Finally, Caring and Compassion

After the past few weeks of dealing with the not so lovely social worker at the hospital, I was starting to get jaded about the prospect of finding professionals who actually CARE about the patients to whom they are charged with providing service.

In visiting several nursing homes, I found several places where the initial impression that the staff had a lot of compassion for the residents. A gentle touch, a kind comment, using their names-they go a long way. At one facility, a resident had wet herself, and the administrator who was giving me a tour promptly found two caregivers and explained that the resident would need a change and one jumped right on it.

One of the places we visited seemed a little hectic, noisy and smelled unpleasant. The staff, however, was just as pleasant and helpful as any of the other places we'd visited. This facility jumped when I explained what our needs were-contacting the insurance company on our behalf and getting an approval for Mom.

Since she's been there, we've encountered several staff members and without fail, they're showing that compassion that was missing in the hospital administrative staff.

Today, I went to fill out Mom's admission paperwork. I got the call yesterday while I was in Tampa for a doctor's appointment and asked if it was okay to do it today. "No problem, we understand you're busy" was the response.

Both the admissions director and the social work manager were fantastic through the whole process of completing the many forms. The social worker even said she'd do the Medicaid application for us as soon as we'd spent down some assets to get Mom's account to the $2,000 allowed by law. (there's a prepaid burial and some home repairs that are long overdue).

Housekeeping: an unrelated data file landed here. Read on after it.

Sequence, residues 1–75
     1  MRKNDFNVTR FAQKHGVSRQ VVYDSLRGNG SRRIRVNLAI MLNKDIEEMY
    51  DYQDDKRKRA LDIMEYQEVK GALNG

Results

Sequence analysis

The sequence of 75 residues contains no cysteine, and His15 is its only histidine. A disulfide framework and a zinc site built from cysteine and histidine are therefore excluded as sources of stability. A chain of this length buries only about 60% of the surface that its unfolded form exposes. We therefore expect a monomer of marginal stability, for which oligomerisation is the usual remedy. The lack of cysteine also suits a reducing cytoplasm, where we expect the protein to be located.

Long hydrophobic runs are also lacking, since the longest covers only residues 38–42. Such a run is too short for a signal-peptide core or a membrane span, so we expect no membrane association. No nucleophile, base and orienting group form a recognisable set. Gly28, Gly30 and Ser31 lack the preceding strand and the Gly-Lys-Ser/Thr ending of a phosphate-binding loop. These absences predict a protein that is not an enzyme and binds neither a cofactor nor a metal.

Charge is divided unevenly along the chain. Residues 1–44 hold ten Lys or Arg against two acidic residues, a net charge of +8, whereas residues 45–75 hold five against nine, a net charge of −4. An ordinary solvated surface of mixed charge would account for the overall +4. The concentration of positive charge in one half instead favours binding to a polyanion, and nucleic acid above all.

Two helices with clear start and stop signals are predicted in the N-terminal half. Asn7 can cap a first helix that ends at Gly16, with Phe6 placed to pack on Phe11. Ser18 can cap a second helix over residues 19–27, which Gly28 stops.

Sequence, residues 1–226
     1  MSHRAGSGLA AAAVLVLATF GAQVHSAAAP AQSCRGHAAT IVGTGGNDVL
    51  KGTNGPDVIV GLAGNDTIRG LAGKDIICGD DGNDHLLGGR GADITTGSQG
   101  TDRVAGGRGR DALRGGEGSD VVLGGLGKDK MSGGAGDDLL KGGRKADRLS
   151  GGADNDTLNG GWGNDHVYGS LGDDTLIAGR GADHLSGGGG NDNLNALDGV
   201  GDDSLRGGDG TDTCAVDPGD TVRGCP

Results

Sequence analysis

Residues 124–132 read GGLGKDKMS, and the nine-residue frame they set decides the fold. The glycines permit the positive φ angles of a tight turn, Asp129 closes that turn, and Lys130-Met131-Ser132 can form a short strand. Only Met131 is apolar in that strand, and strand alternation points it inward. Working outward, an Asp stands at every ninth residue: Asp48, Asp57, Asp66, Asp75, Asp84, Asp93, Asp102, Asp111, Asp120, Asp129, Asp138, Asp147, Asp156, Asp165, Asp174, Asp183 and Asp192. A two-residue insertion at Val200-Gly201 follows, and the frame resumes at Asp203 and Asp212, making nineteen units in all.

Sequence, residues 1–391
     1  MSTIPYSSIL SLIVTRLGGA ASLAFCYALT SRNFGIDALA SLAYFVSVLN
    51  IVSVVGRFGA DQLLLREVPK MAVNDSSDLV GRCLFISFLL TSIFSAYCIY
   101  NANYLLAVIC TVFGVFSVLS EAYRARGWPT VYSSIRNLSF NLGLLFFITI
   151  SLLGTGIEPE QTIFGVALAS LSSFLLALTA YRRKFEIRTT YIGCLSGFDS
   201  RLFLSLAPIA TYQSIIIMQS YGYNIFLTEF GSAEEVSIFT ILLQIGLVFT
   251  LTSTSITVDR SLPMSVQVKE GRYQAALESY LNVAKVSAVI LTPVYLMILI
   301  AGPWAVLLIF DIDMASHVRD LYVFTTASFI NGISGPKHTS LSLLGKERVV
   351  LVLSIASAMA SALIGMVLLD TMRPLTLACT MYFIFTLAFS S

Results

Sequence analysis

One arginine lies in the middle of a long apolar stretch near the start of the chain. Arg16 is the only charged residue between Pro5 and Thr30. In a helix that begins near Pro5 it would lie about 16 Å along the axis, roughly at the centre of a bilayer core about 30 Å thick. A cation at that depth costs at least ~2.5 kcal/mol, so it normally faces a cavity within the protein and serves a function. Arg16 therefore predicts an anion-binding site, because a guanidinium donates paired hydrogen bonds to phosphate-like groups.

They'd gotten the verbal from Mom's insurance that she would be a Medicare patient come November 1st-and they had all the information in place for what we should expect and the tasks ahead of me.

It was clear that Mom wasn't just taking up space in a bed, she mattered to them. They wanted to know details about her likes and dislikes, asked for an okay for various doctors to see the extent of her issues and develop a treatment plan. I asked if it was okay to bring Mom a Keurig in, since she loves her coffee so. That was given a green light.

When they made mention of labeling all of Mom's possessions, I showed them the labels I'd purchased for the boys earlier this year and mentioned these labels were washable. It was nice to give a little information back, as they provided so much of their own.

The best part is that I was worried that I might offend them by stating that I was still looking at other options for long term care. They understood this and stated that they'd give her the best care while she was their resident.

Sometimes, there are rough diamonds where you least expect them.


sounds like you found a gem.

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